Some of the product left the reactor as phosphine, PH3. This was simply due to an oversight on my part, ie, the reactants and apparatus should have been well dried before use.

A small amount of phosphorus was converted to a sublimed film of red P. Even if this could be avoided it does not seem of much consequence.

The major loss, as indicated visually, may well have been uncondensed P4 vapor which promptly converted to P2O5, P4O10, and/or H3PO4 as it left the water surface of the receiver. This problem should be mostly solvable by increasing the residence time in a temperature controlled condenser.

Slowing down the reaction rate would also make it easier to condense the P4 vapor. But with an exothermic reaction and the present apparatus that doesn’t seem possible.

References
1. http://www.sciencemadness.org/talk/viewthread.php?tid=65&...
2. http://www.sciencemadness.org/talk/viewthread.php?tid=65&...
3. http://www.sciencemadness.org/talk/viewthread.php?tid=65&...
4. College Chemistry, 7th ed (1984), by Holtzclaw et al, p. 686.

As always, questions, comments, and suggestions are welcomed.




[Edited on 19-5-2012 by Magpie]

[Edited on 19-5-2012 by Magpie]




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thumbup.gif posted on 19-5-2012 at 06:57


In celebration of <b>10 years of Sciencemadness</b> I have put together a summary of this thread. Unfortunately the summary does not include any of the information from the brilliant post from Magpie directly above this post. Great work!

The file is being attached to this post however how people further off in the future who are pages away will know this post is even here is debatable. Especially considering I wrote this for people who are too impatient to even skim the thread :P

Attachment: Phosphorus Summary.pdf (204kB)
This file has been downloaded 841 times

PS- This is not meant to be a living document. It will not be updated. It is merely here to get people up to speed on what has been attempted and how things have panned out in those attempts. I am also attaching the HTML version which I created the PDF from in case someone in the future want's to tinker with it. I have been told by others that the internal links within the HTML file may not work on all systems.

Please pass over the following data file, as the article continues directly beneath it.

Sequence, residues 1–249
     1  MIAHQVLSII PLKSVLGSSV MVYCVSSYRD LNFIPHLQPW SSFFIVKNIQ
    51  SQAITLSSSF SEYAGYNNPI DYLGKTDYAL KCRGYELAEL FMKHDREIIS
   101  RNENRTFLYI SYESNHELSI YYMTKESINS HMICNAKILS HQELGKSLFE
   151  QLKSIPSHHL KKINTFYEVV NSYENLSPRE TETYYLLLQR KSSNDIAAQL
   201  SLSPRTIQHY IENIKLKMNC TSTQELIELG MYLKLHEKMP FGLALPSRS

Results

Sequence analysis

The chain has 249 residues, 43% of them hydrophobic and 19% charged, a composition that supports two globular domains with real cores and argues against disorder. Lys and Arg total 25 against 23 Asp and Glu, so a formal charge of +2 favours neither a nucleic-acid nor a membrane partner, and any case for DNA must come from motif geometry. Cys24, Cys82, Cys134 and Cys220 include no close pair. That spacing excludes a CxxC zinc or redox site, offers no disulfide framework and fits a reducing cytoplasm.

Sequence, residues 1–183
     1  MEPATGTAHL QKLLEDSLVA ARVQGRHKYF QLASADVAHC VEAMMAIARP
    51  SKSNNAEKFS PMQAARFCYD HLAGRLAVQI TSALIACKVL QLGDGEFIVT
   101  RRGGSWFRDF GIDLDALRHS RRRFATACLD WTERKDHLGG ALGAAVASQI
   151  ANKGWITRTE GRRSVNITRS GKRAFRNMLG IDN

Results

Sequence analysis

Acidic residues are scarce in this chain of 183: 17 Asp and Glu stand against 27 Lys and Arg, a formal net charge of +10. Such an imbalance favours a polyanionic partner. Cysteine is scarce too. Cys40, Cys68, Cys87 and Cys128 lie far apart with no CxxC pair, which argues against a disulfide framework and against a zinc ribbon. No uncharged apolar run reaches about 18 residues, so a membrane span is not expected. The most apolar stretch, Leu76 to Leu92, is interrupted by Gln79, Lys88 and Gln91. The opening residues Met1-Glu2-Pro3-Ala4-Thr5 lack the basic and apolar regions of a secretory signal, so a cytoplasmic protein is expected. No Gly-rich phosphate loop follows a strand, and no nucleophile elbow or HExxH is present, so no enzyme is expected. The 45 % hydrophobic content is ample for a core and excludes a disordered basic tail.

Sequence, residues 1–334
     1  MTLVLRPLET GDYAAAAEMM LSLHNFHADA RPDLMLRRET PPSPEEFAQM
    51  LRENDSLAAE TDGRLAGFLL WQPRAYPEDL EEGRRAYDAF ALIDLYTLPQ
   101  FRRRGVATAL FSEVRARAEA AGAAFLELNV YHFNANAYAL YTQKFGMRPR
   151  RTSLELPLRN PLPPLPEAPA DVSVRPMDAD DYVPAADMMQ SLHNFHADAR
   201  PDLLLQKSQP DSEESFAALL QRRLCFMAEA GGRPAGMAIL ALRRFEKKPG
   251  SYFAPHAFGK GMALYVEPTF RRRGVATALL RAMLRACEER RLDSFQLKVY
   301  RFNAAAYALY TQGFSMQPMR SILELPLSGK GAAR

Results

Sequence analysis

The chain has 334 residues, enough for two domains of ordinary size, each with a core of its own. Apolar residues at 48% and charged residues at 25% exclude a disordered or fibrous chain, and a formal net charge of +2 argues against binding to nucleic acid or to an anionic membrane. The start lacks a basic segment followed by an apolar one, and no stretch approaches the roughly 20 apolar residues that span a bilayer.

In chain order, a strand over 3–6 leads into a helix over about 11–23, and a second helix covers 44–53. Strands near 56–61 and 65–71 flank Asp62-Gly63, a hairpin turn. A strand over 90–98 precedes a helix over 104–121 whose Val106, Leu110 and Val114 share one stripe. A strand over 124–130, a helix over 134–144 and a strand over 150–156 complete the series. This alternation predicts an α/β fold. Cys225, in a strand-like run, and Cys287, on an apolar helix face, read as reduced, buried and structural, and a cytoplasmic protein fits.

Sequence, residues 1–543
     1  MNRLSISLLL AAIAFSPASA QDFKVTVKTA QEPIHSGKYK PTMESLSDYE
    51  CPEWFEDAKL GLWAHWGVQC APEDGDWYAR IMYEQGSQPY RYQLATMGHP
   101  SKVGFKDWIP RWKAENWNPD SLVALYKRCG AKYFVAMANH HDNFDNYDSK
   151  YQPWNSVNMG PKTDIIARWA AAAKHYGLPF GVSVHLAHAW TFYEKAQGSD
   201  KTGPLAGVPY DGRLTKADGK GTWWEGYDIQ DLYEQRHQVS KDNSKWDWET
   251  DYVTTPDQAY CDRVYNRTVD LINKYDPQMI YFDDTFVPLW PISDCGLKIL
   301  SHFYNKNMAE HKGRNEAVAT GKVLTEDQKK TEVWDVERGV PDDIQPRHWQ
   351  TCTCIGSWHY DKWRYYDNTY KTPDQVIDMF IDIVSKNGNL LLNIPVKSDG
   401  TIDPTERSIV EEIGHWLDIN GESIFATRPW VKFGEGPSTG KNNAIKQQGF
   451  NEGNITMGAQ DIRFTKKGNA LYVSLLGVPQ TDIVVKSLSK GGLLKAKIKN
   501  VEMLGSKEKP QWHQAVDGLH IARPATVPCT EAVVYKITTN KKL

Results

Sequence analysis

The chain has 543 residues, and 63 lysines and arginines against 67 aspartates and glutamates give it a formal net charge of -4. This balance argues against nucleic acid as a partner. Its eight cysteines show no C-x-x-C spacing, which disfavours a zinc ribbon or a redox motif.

Attachment: Phosphrous Summation.htm (112kB)
This file has been downloaded 914 times

[Edited on 5/19/2012 by BromicAcid]




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[*] posted on 24-5-2012 at 05:46


Quote: Originally posted by blogfast25  
Quote: Originally posted by Myfanwy  
could phosphine and hydrogen peroxide yield some P4?

2PH3 + 3H2O2 -> 6H2O + 1/2 P4



Possibly but why go to the trouble of making a highly toxic, highly inflammable gas when you can make P from Calgon tablets, some fine sand and some Al powder?


Sorry to bring up an old post, but many people seem to make phosphine inadvertently, as a result of accidental production of phosphide sideproducts.

Yes I know phosphine is notorious, but what if we tried to make a phosphide on purpose and then convert the phosphine into P4?

Does phosphorus react with H2O2?




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[*] posted on 24-5-2012 at 08:11


@ magpie: beautiful work sir! glad you were able to recover the fitting. i wonder that using a gas for positive pressure may have contributed to the early cooling of the P4 gas inside the glassware? is it possible to inject the gas from the other side of the heat source so that your yield stays hot until it reaches the water? the general form of a tube furnace suggests much difficulty in the proposition... what alterations do you have in mind for future runs?